The first thing that I should clear up is that I actually think that "Atlas Shrugged" is a philosophical science-fiction novel. It's set in a future where capitalism has been supplanted by Rand's version of socialism, the economy of America is slowly dying, and all of the great minds of industry and commerce are vanishing.
I should like this novel, because I am interested in the type of novel this book attempts to be. I'm interested in science fiction, and I'm interested in philosophy. Both together usually work for me. But this novel fails in so many regards that I cannot enjoy it at all.
Firstly, since this is a SF challenge, and I am claiming it to be an SF novel, I should consider this aspect first. Simply put, "Atlas Shrugged" is not a good SF novel at all. Although there are some new technologies, such as Reardon Metal or the instrument used for Project X, much of the technology, and the thinking behind it, is firmly set in what would be available to use in 1957. As for the society depicted, you can only be interested in what is happening if you buy into Rand's philosophy, and I don't.
And that leads quite nicely to a discussion about the philosophy in the book. As a philosophical vehicle, Rand's novel fails. Yes, the book expresses her philosophy quite clearly (the numerous tirades by Rand's favoured characters ensures this), but Rand never manages to convince the reader that her philosophy is a tenable one. Rand's philosophy, from what I understand, is that big business and capitalism is good, governments and socialism are bad, everyone's simply greedy at heart, and this greed is good.
Disregarding the fact that Rand never manages to refute more than a strawman version of socialism, Rand still fails to answer some quite basic questions that would arise in the idealised situation that occurs at the end of the novel, where her philosophy triumphs. How does a society without any form of government system manage with crime or environmental problems, for example? What safeguards are put in place to protect consumers against monopolies raising the price of necessities? These are questions that naturally arise from this philosophy, and for Rand to not to answer them in twelve hundred pages is simply not good enough in this novel.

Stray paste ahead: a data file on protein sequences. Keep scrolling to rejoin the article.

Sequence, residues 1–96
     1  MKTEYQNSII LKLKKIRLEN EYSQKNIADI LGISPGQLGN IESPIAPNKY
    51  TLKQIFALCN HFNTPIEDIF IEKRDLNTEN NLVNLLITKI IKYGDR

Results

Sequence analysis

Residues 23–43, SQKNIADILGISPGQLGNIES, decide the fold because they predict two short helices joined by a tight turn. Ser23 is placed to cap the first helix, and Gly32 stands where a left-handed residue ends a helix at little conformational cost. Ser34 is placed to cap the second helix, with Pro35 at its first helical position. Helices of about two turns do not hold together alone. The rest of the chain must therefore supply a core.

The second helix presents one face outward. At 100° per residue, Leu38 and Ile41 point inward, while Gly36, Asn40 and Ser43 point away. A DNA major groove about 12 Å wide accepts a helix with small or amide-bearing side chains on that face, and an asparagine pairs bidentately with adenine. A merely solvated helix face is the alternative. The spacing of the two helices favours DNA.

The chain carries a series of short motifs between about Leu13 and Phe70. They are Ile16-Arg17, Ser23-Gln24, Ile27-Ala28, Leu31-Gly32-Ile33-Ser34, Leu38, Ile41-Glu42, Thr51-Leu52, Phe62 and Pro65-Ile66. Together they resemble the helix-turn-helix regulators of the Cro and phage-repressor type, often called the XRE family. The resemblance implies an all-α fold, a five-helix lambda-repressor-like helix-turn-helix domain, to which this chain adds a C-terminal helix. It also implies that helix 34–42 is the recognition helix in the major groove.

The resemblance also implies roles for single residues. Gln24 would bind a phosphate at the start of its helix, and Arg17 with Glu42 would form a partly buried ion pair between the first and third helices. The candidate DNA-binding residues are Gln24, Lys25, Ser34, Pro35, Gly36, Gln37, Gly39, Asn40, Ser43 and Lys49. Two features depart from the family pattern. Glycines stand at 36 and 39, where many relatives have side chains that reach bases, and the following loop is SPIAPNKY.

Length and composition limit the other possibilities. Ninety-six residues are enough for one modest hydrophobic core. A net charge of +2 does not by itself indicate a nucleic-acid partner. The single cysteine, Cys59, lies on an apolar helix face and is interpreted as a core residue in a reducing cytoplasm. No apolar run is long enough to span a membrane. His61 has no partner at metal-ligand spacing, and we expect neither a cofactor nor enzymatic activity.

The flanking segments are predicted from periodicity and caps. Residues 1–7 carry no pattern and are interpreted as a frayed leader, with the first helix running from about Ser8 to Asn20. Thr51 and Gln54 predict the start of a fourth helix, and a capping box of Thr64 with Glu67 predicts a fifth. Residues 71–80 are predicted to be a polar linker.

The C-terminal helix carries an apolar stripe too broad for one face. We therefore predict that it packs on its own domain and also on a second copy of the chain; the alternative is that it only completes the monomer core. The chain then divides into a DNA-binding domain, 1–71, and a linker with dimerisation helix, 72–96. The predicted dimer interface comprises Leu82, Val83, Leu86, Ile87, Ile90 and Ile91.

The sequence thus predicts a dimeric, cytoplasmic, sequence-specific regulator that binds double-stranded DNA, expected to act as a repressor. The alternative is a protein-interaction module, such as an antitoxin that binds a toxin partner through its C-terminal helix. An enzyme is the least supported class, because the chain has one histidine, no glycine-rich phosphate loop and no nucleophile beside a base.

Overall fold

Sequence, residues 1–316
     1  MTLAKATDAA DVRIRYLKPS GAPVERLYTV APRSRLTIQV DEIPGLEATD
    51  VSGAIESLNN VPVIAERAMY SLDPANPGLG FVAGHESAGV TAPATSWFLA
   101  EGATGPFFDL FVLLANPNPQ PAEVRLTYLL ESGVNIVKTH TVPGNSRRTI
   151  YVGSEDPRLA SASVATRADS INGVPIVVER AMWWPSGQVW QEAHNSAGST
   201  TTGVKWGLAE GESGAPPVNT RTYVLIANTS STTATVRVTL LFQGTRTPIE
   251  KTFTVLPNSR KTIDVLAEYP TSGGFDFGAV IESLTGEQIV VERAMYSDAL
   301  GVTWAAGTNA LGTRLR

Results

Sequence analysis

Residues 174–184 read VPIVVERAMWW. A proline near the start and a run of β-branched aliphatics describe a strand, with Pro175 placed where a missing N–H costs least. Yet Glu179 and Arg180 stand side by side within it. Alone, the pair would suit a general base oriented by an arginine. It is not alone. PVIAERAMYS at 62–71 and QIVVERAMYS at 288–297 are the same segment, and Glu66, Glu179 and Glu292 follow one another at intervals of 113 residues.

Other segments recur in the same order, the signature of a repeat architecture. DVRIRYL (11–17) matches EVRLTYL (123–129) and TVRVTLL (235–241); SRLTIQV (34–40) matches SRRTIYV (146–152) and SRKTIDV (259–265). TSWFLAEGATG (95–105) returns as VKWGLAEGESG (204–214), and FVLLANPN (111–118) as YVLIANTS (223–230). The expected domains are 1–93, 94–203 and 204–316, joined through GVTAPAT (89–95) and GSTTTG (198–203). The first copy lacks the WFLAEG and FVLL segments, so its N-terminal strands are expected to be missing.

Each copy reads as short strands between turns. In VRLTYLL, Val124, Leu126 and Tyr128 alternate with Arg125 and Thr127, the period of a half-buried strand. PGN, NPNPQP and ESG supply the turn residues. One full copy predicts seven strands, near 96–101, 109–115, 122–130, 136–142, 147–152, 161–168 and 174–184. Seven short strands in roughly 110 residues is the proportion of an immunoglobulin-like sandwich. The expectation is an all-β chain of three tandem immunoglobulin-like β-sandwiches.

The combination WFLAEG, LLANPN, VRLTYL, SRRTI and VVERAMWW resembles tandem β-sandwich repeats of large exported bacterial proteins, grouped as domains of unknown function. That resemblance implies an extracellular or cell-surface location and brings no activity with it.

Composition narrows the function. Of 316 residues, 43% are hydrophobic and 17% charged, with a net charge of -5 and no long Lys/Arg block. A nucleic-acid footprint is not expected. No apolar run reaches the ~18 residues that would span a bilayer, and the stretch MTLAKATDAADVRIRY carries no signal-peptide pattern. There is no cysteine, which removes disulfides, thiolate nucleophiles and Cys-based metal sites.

But a book review is not the place to debate Rand's philosophy; it is sufficient to say that if you do not buy into her philosophy, you really won't be enjoying this book. And I don't think too many people buy into Rand's simplistic philosophical and economic view, but I'm always open to alternative opinions.
As a general fiction novel, this book fails. Rand's characters are not characters at all, but vessels created merely to espouse her philosophical ideas for several pages (up to sixty pages for one speech, believe it or not), or to create strawmen which her favoured characters knock down with the ease of knocking down, well, er... strawmen. If the characters do not do either of these things, they advance the story forward in order to get to Rand's next speech about the virtue of capitalism or big business, or to a tragic situation which would only occur in the socialistic society Rand depicts, and would never have occured if capitalism had the reins on society. And since Rand only really has two types of characters in her novel, with only their gender and name to change between them, it's quite easy to find yourself skimming over Rand's rants.
The plot of the novel, about a woman trying to keep a railroad company afloat while the world slowly crashes, is serviceable when you don't think too hard about Rand's philosophies, and while Rand's writing style is also serviceable, is not enough to sustain the reader, either.
And twelve hundred pages was not necessary. You have been warned. 1/5.